Arms & Legs More Vertical
Instead of reaching the legs and arms out away from the midsection, move them up so the arms and legs will be closer to perpendicular to the ceiling - the hands closer to the shoulders and the feet closer to the ceiling. This will be easier on the abdominal muscles.
WHAT WE'RE DOING TODAY
WHAT & WHY
BENEFITS OF TRAINING THE core muscles
LAYING DOWN EXERCISES YAY
This is one of my favorite core exercises. I will probably end up writing this on every core exercise blogpost, but core exercises have changed the strength of my body a LOT. I am able to have a good comparison because, welp, embarrassingly I never did them before at all. I didn't really understand their value so I skipped them. I feel so different in my body when exercising and doing daily life now that these movements have been a part of my regular workout routine.
These movements are done lying down on your back, making them a nice way to start or end your day. Lying down lets you concentrate on activating the abdominal muscles without worrying about the back muscles. These exercises seem pretty simple but they can be very challenging and do a great job of activating the core.
MAIN MUSCLE WE ARE TRYING TO ACTIVATE
It is important to really understand and feel the abdominal muscles working the way they are supposed to work. The main muscle you are trying to activate is the transverse abdominis which is deep - deeper than the rectus abdominis (6-pack) muscle. This is the corset muscle - it is attached to the ribs, the pelvis, iliopsoas, and connective tissue in the front of the torso, and wraps around your midsection to join the fascia that attaches to the back muscles. When activated it feels like you have shrink-wrapped your mid-section, just like cinching up a corset or back brace. If you have never heard of this muscle before and have no idea how to activate it, start with the Transverse Abdominis Activation exercise before moving on to the others.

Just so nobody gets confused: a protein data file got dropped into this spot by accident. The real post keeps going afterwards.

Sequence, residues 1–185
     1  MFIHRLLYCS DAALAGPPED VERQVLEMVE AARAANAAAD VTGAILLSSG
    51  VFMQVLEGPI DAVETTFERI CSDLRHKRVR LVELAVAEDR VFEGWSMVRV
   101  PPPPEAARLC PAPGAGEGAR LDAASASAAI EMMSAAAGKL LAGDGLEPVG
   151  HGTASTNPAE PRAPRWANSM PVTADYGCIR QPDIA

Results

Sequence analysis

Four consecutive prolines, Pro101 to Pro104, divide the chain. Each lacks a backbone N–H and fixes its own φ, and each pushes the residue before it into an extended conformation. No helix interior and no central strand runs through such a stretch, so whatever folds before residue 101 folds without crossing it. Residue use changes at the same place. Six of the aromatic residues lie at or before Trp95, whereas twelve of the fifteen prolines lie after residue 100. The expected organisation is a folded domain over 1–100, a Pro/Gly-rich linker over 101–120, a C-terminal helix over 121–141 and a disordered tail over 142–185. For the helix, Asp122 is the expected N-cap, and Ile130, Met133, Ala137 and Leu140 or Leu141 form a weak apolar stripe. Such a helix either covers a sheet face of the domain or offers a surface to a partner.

The key to the core exercises is being able to find and activate this muscle. The transverse abdominis muscle runs across your midsection, from the ribs to the public bone, around the sides of the torso, and attaches to the spine through fascia, it is like a big back brace. It is one of the most important spinal stabilizers, unfortunately, many people are not even aware of it and they don’t know how to activate it. A bonus is to be able to activate the pelvic floor muscles at the same time. This will take time and concentration. The biggest mistake people make is that they are not patient enough to make sure they are using the correct muscles and they progress the exercises too quickly. This set of exercises is designed for making it easy to feel the correct muscles working.
WHY BOTHER DOING IT?
WHY DO WE EVEN CARE?
Core exercises should be considered the foundation for all exercises - you must be able to stabilize your midsection to be able to use your arms and legs in a healthy and effective way.
TYPE OF CORE EXERCISES MATTER
Exercises like sit ups, crunches or Russian twists, involve holding the legs and arms still and moving the low back (lumbar spine) over and over again. Sometimes this is even done while holding weight. This type of movement trains the muscles to move through the spine. This type of exercise, bending over & over at the spine, will actually weaken the tissues that support the spine, the ligaments and discs. These exercises work the rectus abdominis muscle which acts to bend the back (flex), it does not stabilize the spine, it does not even attach to the spine.